Prayer Focus
Movie Review

Intolerable Cruelty

MPAA Rating: PG-13 for sexual content, language and brief violence

Reviewed by: Chris Monroe

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Moviemaking Quality:

Primary Audience:
Adults and teens
Comedy and Romance
1 hr. 40 min.
Year of Release:
Copyright, Universal Pictures
Copyright, Universal Pictures
Copyright, Universal Pictures
Copyright, Universal Pictures
Copyright, Universal Pictures Copyright, Universal Pictures
Copyright, Universal Pictures
Copyright, Universal Pictures
Relevant Issues

Under what conditions may Christians divorce and remarry? Answer

What is adultery? Answer

See our Sex, Love and Relationships section

Is formalized marriage becoming obsolete? Answer

About biblical Marriage

Starring: George Clooney, Catherine Zeta-Jones, Cedric the Entertainer, Geoffrey Rush, Billy Bob Thornton | Directed by: Joel Coen and Ethan Coen | Produced by: Brian Grazer, James Jacks, Sean Daniel, Ethan Coen | Story by: Robert Ramsey, Matthew Stone and John Romano | Screenplay by: Robert Ramsey, Matthew Stone | Cinematography by: Roger Deakins | Distributor: Universal Pictures

Is there such a thing as cruelty that can be tolerated? Isn’t all spiteful malice considered intolerable? Otherwise it couldn’t be called cruelty. Right? If you disagree, this tenth Coen Brothers feature film “Intolerable Cruelty” with its wit and humor may fit into that category, crafting cruelty in its subject matter, but making it tolerable—even enjoyable—for its audience.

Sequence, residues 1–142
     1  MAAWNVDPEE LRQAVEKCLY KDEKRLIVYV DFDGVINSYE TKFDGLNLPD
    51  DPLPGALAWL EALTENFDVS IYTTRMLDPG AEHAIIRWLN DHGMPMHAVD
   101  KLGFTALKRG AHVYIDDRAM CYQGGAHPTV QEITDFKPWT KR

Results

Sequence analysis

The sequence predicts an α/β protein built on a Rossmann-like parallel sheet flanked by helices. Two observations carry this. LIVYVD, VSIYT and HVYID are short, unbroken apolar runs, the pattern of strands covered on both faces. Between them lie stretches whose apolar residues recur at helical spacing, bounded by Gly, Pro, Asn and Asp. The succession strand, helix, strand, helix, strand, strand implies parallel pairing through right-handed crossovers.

Heartless divorce lawyer Miles Massey (George Clooney) twists truth and manipulates facts, winning cases for his clients and fortunes for himself. Bored with his work and his riches he becomes “fascinated” by Marilyn Rexroth (Catherine Zeta Jones) whose interest lies in marrying and divorcing unsuspecting rich men solely to get their money. But when Miles and Marilyn meet, their chemistry results in more than either of them bargain for.

Some scenarios presented throughout this romantic comedy deal not only with divorce, but with situations that lead to divorce—namely, extramarital affairs. In the opening scene, Donovan Donaly (Geoffrey Rush) intrudes upon his wife having an affair with the pool man. This scene, like a couple others, refrains from showing any nudity—though some are clad only in underwear.

Additionally, some of the jokes revolve around sex, and some of the language is profane. There is also a surprising incident of violence where a character is accidentally shot and killed. The shock of the event really catches the audience off guard and somehow (perhaps due to the over-the-top style of the film) manages to keep comedy as the focus.